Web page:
What parents need to know
Parents Need to Know
Parents need to know that the swearing in this movie is pretty intense for a PG film, and there is attempted teen sex (nothing explicitly shown, but no doubt what's going on) and a mistaken belief that adult sex has taken place. Buck pretends to be psychotic, capable of torture-murder and mutilation with power tools, as he intimidates a grubby boy trying to get intimate with his niece. Buck also indulges in drinking, smoking, and gambling.
What's the story?
Buck Russell (John Candy), 40, is a sports-betting, unemployed bachelor living in a messy apartment, stringing along his longtime girlfriend, Chanice (Amy Madigan), who wants to settle down with him. The black sheep of the family, Buck is shocked when his brother calls. It's an emergency -- his sister in-law's father has suffered a heart attack, and they need Buck stay at their posh suburban home to watch the kids while they go out of town. Buck walks into an uncomfortable household situation. Little Mazy (Gaby Hoffman) and Miles (Macaulay Culkin) get along great with the big, goofy teddy-bear uncle. But 15-year-old niece Tia (Jean Kelly) positively loathes Buck. Her resentment and teen rebellion against her mother takes the form of haughty sarcasm, progressive apparel, and hanging with a vaguely "goth" party crowd. Eventually Tia's feud with Buck crosses the line and causes genuine pain. But you get the feeling the girl is just imitating, in caricature, typically snotty grown-ups on her side of the tracks.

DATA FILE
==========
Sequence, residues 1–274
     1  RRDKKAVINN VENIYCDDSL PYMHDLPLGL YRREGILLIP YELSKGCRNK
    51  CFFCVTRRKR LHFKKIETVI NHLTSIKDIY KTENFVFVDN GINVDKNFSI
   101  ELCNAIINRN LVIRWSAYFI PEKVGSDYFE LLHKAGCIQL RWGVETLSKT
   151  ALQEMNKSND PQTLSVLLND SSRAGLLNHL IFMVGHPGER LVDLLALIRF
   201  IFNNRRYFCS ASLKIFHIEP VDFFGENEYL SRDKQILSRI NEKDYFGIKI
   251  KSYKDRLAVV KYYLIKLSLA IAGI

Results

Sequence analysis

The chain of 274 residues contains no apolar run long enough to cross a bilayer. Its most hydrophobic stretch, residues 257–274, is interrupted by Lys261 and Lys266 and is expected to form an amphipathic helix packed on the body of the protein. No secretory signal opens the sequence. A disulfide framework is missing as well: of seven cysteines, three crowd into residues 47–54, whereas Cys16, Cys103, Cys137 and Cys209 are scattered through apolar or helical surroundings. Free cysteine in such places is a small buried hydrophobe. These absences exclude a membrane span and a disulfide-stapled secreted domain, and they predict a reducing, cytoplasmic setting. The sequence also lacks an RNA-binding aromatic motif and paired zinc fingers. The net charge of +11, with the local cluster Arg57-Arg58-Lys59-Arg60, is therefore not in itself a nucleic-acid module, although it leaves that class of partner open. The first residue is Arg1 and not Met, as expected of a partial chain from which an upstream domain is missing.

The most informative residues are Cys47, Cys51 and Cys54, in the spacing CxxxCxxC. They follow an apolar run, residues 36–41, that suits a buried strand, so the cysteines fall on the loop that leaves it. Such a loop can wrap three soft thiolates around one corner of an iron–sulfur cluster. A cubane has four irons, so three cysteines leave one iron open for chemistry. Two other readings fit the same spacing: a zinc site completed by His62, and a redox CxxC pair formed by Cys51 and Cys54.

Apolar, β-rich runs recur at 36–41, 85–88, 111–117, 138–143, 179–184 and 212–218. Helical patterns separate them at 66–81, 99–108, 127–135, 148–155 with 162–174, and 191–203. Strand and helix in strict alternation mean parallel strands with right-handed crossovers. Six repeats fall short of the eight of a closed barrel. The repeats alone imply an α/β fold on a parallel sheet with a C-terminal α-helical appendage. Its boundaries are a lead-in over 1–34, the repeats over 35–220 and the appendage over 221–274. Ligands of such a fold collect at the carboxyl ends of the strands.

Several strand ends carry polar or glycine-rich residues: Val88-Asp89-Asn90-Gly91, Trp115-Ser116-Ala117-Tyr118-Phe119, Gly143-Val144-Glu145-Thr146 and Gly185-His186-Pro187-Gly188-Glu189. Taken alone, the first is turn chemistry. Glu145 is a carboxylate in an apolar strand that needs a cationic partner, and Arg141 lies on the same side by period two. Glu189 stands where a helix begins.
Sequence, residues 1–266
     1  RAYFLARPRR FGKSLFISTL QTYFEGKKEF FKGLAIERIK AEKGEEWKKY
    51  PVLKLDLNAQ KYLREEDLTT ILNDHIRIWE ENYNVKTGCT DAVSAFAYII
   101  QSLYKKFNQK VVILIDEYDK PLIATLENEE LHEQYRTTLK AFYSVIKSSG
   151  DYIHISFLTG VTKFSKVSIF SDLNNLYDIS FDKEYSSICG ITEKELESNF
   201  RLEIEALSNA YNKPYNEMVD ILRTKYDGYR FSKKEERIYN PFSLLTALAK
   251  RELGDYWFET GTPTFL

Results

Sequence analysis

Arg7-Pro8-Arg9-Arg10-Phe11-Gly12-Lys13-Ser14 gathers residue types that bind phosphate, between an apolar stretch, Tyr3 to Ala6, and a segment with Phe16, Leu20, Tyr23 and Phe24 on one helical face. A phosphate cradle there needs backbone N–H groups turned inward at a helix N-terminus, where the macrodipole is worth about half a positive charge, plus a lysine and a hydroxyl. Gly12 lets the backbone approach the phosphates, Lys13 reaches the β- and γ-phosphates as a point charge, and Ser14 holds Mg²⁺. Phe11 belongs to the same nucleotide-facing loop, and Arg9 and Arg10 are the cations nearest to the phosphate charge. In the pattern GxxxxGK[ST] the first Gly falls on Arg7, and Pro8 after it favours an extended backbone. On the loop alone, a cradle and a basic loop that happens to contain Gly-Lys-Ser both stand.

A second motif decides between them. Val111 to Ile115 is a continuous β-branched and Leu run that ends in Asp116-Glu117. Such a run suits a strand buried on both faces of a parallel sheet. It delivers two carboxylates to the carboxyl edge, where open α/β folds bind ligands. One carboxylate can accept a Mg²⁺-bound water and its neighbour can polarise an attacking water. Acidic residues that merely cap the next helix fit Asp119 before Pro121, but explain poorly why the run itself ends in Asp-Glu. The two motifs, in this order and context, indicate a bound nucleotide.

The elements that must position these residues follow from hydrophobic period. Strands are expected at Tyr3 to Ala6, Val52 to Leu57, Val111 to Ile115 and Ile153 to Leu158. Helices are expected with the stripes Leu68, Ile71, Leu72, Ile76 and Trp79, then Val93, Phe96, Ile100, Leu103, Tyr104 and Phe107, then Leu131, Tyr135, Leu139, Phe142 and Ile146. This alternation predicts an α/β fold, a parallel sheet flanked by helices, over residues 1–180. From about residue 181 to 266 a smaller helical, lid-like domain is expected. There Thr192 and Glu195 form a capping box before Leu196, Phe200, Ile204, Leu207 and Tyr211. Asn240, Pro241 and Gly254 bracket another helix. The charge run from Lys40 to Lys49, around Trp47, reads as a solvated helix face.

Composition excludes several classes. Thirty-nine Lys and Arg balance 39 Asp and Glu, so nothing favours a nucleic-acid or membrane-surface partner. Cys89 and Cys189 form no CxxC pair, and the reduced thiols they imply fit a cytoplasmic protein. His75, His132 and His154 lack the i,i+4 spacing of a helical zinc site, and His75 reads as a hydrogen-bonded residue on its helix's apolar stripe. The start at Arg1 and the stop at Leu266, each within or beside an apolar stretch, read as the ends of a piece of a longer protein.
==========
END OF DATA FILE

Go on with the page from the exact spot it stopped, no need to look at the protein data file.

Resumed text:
Is it any good?
In Uncle Buck, John Hughes has created a likeable hero who exhibits both the virtues and the drawbacks of acting like a big kid. The benefits outweigh the negatives, though -- or at least that's the case Hughes tries to make. As he did in Pretty in Pink and The Breakfast Club, Hughes makes it seem like class structure in America is just as divisive as the dukedoms and commoners in Jane Austen's backyard.
And, when Buck agrees to watch the kids, it not only helps him avoid a job Chanice lined up for him, it's supposed to prove to her that he can be a responsible parent-like figure. In spite of himself. There's enough slapstick and falling-down stuff with Candy acting goofy to please viewers not looking for heavy stuff, and the acting is all on target.
Families can talk about...
Families can talk about the conflicts between the various characters. Do you think Buck could have handled bad-girl Tia in a more productive way? Do you believe the way the story comes out? Has Buck himself grown up a little by the end? What do you think will happen between him and Chanice?